Magic Leap: The WeWork-Theranos Level Fiasco You Never Heard About
Fort Lauderdale Florida — a town often dubbed with the nickname Fort Frauderdale because of a high frequency of white-collar crime in a region of the United States that is already infamous for being built on the back of financial crime — is a sun-soaked, pseudo tropical paradise with an augmented reality company that is raking in billions of dollars in funding for trailblazing a new frontier in entertainment. Magic Leap, and its charismatic founder Ronny Abovitz, managed to sell high profile investors (the likes of Alphabet, Andreessen Horowitz, Warner Brothers, and AT&T) on a future of consumer-oriented AR products. Since 2014, the company has raked in $3.5 billion in investor cash.
At this point, it’s only become too clear after numerous high-profile start-up failures that irrational investor exuberance plagues institutional investors in the same way it does retail investors. The pro’s make bad bets, but the difference is that when institutional investors make bad bets, they have more options to recoup their investments= the usual approach, find some other sucker to hold the bag.
Magic Leaps troubles started to become evident long before the eve of the COVID-19 pandemic disrupted the world. At its height Magic Leap had a private valuation of $6.7 billion, today it is privately valued at $2 billion after it latest funding round of $500 million. In April 2020 the company reportedly laid off 1,000 employees a month later Ronny Abovmitz was forced out after founding the company in 2011. Board and investor confidence and patience had worn thin with missed milestones and missed production targets, development cost overruns.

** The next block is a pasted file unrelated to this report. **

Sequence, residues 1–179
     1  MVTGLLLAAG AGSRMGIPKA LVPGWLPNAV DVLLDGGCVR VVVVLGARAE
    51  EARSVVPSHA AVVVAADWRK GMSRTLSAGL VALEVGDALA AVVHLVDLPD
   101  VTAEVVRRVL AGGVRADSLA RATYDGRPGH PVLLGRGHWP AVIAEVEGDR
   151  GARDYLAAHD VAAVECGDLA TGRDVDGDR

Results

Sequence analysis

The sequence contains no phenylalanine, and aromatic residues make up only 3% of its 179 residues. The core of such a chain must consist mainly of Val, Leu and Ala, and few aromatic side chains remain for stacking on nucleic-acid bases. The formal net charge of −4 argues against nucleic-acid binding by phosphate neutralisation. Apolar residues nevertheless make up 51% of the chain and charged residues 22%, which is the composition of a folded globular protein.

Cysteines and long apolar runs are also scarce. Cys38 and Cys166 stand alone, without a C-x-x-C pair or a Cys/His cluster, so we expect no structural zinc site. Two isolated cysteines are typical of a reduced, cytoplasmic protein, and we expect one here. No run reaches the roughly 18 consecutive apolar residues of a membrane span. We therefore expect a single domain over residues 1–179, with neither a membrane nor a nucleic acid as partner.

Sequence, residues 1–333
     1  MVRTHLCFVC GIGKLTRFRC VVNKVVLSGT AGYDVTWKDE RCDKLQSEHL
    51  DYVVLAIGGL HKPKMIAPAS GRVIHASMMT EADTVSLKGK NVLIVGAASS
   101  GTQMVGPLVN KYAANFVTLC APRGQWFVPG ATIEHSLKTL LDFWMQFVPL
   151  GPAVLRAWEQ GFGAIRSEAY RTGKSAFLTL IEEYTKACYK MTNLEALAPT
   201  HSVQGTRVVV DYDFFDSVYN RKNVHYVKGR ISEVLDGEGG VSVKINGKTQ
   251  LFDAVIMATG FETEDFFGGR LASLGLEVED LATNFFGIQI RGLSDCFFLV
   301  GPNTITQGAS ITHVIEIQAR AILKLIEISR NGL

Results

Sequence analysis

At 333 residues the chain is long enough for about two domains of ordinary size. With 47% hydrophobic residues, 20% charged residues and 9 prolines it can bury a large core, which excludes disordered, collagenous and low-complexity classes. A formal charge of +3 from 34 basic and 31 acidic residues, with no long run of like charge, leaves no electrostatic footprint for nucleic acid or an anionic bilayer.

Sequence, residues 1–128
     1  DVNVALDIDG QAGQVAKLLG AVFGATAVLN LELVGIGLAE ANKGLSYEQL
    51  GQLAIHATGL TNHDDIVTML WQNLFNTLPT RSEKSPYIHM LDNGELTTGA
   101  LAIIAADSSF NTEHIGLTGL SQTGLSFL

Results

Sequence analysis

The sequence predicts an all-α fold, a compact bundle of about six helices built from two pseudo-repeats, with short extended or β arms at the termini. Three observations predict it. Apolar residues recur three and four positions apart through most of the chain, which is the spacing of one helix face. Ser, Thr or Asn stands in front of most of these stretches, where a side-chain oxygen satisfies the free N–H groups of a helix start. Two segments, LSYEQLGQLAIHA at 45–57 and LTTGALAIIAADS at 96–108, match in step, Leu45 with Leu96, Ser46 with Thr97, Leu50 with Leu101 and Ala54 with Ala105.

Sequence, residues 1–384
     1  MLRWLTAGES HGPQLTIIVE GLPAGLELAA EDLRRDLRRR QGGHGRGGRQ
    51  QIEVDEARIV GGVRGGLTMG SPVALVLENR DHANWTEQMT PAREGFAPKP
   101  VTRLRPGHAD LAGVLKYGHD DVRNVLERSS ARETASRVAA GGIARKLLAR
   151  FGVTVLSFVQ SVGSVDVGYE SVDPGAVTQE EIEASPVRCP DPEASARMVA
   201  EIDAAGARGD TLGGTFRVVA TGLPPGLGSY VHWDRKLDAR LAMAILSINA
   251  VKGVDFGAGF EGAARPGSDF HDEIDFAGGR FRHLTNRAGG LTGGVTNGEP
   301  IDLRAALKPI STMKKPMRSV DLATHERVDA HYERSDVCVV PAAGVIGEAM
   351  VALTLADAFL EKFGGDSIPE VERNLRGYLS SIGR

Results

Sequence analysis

The line between overpromising, an inability to deliver and fraud on something that has never been done is blurry. Some of Magic Leaps tactics are eerily reminiscent to the likes of companies like Nikola and Theranos. The most compelling evidence for this was its “demo” material, it wasn’t billed as a concept video, but arguably deceitfully as a demo. A marketing stunt comparable to Nikola rolling its electric truck down a hill. It created the perfect story, a visionary tech upstart clouded in secrecy. It’s bold marketing stunts repeatedly using videos of a life-sized whale jumping out of a gymnasium floor was entirely developed in a studio. It’s talent recruitment videos, fake, untrue assertions.
In 2016, a largely overlooked piece by the verge was published something that the company likely was able to brush off to investors.
“You ultimately, in engineering, have to make tradeoffs,” Abovitz stated.
Magic Leap had made a bold bet on fiber-optic scanning displays. The company essentially needed to miniaturize the technology from the size of a MINI Cooper to something handheld, but it wasn’t working. The biggest Magic Leap seems to be the magic leap of faith it would take to both successfully develop the product and bring the price point down to something commercially affordable this decade.
The fate of Magic Leap will likely be a move institutional investors know all too well, i.e., opting to take the company public via a SPAC offering and dumping it off onto the public markets or offloading the company to other unwitting institutional investors.
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